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05:32, 21 June 2018 Thursday
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New batch of Homo naledi bones found in South Africa
New batch of Homo naledi bones found in South Africa

Homo naledi is believed to have lived alongside early humans known as Homo sapiens, say scientists

World Bulletin / News Desk

Scientists Tuesday have announced the discovery of another batch of ancient human remains found in the rising star cave system located 48 kilometers from Johannesburg, South Africa’s largest city.

The newly discovered species, Homo naledi, is believed to have lived alongside early humans known as Homo sapiens.

“This is the first time that it has been demonstrated that another species of hominin survived alongside the first humans in Africa,” Lee Berger, professor the Witwatersrand University announced in a video from Maropeng in South Africa.

The latest specimens include remains of two adults and a child. One of the adults' skull is reportedly complete.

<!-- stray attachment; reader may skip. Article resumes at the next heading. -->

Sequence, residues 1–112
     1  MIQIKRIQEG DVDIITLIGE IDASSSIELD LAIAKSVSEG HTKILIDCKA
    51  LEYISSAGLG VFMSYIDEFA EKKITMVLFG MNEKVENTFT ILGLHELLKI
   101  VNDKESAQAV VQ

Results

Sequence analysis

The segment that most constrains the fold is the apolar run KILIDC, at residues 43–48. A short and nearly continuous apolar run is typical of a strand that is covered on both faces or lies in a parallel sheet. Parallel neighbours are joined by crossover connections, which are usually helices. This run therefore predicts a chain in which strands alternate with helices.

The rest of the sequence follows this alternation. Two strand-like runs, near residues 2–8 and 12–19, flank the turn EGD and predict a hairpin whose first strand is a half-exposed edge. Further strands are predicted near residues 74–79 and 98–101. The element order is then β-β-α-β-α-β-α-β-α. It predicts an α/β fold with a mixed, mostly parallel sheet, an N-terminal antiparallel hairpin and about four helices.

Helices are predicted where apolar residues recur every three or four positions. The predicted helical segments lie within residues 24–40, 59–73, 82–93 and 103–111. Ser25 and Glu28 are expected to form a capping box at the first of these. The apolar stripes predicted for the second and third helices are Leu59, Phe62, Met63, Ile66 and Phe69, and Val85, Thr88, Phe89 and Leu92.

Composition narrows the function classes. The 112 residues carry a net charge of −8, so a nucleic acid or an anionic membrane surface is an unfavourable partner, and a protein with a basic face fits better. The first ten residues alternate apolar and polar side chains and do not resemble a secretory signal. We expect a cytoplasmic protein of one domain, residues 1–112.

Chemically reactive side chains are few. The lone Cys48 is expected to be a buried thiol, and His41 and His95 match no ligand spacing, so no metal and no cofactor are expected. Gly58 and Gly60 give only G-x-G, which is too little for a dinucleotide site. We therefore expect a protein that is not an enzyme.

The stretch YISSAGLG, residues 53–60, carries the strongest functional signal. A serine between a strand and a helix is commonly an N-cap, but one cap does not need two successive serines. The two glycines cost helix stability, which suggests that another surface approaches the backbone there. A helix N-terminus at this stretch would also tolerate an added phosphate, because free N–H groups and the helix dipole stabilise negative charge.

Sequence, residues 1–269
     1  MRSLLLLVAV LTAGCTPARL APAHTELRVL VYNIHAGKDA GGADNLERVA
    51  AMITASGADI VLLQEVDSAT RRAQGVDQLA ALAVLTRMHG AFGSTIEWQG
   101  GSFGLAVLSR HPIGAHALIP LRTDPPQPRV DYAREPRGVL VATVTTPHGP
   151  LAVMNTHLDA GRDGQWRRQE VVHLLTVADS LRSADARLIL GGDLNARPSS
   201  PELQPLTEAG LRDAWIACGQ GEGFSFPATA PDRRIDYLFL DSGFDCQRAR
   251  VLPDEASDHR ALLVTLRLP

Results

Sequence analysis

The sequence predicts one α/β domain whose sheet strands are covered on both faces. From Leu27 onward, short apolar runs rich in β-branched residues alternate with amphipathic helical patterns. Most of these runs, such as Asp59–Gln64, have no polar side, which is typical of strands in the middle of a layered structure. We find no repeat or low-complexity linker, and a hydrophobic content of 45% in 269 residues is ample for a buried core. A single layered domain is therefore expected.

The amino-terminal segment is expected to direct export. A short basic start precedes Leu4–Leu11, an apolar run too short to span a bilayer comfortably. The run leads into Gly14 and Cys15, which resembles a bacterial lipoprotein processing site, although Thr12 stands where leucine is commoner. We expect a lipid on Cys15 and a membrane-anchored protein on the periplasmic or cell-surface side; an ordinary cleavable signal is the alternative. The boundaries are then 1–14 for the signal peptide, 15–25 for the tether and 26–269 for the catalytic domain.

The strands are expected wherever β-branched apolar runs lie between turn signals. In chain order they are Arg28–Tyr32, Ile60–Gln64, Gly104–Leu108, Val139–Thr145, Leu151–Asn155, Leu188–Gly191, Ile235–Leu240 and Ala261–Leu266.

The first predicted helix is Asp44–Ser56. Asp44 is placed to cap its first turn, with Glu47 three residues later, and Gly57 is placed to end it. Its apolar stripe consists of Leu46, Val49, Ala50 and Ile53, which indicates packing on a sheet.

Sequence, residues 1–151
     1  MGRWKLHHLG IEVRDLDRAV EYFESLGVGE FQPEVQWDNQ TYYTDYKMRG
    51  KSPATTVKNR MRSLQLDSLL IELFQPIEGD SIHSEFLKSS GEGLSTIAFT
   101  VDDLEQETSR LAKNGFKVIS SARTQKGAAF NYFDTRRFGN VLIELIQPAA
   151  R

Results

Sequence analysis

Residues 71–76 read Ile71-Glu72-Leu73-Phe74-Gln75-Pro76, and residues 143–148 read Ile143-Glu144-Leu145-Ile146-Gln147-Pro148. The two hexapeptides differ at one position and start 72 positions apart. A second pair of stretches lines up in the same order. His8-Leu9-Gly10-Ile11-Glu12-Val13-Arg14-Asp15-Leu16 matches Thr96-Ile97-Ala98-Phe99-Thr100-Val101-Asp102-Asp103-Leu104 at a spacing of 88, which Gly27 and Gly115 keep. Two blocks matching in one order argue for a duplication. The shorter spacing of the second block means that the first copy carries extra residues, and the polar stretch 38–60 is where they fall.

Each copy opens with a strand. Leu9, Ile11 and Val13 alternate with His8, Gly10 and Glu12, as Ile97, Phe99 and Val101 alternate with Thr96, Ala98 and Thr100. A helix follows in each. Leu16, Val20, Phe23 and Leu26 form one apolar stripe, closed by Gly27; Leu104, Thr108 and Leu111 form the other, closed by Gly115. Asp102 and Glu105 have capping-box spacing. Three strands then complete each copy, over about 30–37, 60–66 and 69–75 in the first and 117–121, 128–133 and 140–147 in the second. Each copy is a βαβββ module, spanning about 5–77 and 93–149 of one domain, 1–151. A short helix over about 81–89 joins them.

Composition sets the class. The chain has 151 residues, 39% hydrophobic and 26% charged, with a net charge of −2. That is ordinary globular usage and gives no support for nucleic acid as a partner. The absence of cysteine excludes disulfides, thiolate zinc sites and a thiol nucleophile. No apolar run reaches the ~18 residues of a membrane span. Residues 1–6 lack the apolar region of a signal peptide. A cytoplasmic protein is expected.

The new discovery comes barely a year and and a half after scientists announced in South Africa the discovery of the richest fossil hominin site on the continent, unveiling a new species named Homo naledi.

Although they had primitive small-brains, an extensive dating process has found that the Homo naledi species were alive as early as 236,000 years ago.

Professor Paul Dirks of James Cook University said in a statement that dating the existence of these Homo naledi was extremely challenging.

With 19 other scientists from laboratories and institutions around the world, he managed to date it to a period known as the late Middle Pleistocene.

Two years ago, researchers found that Homo naledi people had deliberately disposed of their dead in a private chamber in caves, a behavior which until now was thought to be exclusive to modern humans.

“I think some scientists assumed they knew how human evolution happened, but these new fossil discoveries, plus what we know from genetics, tell us that the southern half of Africa was home to a diversity that we’ve never seen anywhere else,” John Hawks of the University of Wisconsin-Madison said in a statement.

The new discovery and research was conducted by a team of researchers from the University of the Witwatersrand in South Africa, James Cook University in Australia, the University of Wisconsin Madison in the United States, and more than 30 additional international institutions.


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